With a pair of forceps, the shaved area of skin is lifted and scissors are used to make a 5mm incision in between his shoulder blades. Blunt tipped scissors are inserted into the incision site and proceeded along down the length of the animal’s spine. The scissors are slowly opened wide while they are positioned underneath the skin of the mouse to delicately tease away at any connective tissue which will detach the skin from the muscle. Once the scissors are opened and closed three or four times and tension is no longer felt, the blunted scissors are removed. This method creates a subcutaneous pocket for the pump to sit and also allows for unobstructed flow of the pump’s infusate. Next, the pump is inserted into the incision site so that the delivery portal is facing towards the hind limbs of the animal. It is gently slid down the spine of the mouse near the base of his hind limbs using the thumb and forefinger. To verify a proper pocket is created, the pump should slide easily into position. There should be neither resistance nor tension when inserting the pump into the pocket. The incision is sutured closed using 6-0 silicon coated braided silk suture with a 3/8 inch 12mm C-1 cutting edge needle in an uninterrupted suture pattern.

Finally, the isoflurane and oxygen are turned off. 0.05 mg/kg buprenorphine analgesic is administered subcutaneously post-operatively per the IACUC protocol. His body weight is recorded along with any remarkable observations on his surgery cage card. The mouse in placed in lateral recumbency in a warmed cage with the bedding removed. In approximately 2 minutes, once the animal is ambulatory, the mouse is then singly housed on a thermal barrier in the vivarium.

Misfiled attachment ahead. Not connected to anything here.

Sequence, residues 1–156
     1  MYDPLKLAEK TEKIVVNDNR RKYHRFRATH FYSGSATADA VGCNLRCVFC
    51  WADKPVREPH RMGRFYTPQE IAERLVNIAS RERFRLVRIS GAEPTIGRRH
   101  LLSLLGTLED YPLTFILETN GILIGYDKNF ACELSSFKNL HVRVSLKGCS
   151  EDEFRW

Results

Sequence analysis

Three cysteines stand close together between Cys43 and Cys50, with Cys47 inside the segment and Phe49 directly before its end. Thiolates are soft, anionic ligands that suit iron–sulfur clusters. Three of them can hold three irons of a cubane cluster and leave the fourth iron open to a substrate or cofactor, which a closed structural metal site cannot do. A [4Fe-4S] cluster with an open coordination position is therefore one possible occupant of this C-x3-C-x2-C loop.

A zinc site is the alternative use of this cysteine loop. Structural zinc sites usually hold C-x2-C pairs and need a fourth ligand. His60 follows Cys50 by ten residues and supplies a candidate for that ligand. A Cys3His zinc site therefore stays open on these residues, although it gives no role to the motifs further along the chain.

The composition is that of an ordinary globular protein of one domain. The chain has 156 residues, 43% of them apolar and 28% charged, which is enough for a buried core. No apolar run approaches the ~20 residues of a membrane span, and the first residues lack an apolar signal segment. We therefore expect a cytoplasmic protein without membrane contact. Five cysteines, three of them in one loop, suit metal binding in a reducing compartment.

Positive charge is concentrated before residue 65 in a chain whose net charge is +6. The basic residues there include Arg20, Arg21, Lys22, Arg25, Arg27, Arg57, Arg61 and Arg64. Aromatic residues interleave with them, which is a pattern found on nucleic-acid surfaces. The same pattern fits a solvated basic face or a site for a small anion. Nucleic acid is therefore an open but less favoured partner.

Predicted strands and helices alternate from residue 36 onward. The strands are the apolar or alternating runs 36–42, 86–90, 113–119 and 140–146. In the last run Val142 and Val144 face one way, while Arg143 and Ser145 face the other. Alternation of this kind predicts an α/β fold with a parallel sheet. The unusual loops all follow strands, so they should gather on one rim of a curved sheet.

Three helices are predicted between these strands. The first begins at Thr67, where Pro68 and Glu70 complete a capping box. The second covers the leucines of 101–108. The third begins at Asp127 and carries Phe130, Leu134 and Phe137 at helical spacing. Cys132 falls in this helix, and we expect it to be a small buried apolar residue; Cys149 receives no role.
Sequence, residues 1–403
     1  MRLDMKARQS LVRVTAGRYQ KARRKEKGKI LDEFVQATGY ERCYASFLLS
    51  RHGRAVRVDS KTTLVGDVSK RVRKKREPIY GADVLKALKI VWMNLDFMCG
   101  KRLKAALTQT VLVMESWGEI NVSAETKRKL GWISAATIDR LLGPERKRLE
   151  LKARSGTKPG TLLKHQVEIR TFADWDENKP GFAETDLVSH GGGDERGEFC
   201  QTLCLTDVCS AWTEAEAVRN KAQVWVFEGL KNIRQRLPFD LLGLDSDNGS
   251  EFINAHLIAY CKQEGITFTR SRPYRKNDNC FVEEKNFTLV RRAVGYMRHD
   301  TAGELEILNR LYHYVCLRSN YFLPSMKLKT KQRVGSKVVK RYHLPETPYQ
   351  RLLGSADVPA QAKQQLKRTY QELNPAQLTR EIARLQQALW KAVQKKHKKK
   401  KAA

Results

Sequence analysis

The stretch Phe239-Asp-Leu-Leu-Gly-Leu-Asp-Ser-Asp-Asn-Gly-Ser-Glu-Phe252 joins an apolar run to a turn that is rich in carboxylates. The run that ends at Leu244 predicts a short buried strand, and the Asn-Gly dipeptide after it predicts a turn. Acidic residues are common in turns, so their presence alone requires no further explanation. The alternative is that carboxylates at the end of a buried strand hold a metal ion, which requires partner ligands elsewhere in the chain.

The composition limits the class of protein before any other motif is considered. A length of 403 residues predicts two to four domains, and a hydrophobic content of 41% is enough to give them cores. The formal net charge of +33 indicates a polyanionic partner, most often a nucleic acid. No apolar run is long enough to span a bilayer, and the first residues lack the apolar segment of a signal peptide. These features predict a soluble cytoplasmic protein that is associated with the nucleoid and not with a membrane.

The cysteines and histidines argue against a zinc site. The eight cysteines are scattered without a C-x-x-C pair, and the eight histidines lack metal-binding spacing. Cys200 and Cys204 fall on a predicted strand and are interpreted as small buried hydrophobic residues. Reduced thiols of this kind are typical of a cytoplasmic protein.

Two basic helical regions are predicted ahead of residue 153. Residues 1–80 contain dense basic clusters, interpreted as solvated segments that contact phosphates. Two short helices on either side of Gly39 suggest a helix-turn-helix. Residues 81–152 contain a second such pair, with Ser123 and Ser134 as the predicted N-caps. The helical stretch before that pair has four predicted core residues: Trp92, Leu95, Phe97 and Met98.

The large reservoir subcutaneous pump implantation surgical procedure is a survival surgery in which the animal is expected to live a normal lifespan. Therefore, constant clinical monitoring is imperative to ensure the health of the animal while the pump is in place. The animal is weighed daily and allowed to lose no more than 20% of his body weight for consideration as a candidate for continued experimentation. Additionally, the mouse is checked daily for signs of pain, distress, and suffering by noting any changes in behavior and appearance. The mouse should appear active and curious. Observances are made for lethargy, hunched body posture, a rough unkempt fur coat, and signs of dehydration. A good indicator of a dehydrated mouse is done by performing a tent test in which the skin over his shoulder blades is picked up with the forefinger and thumb. It should return to normal position quickly and not stay in a tented or bunched position. Another indication of dehydration is the appearance of recessed or sunken-in eyes. Occasionally self-mutilation can occur. The incision sites are observed for redness and inflammation or any weeping and oozing which can indicate a sign of infection. If the animal is found to exhibit the indicators mentioned above he is recommended for termination from the study and possibly early euthanasia. The attending Veterinary Technician on site is notified of these observations as well as the responsible party from the laboratory that is conducting the research study. In addition to the surgeon’s monitoring, the animal is identified as a surgery animal and monitored by the vivarium staff for on weekends and holidays.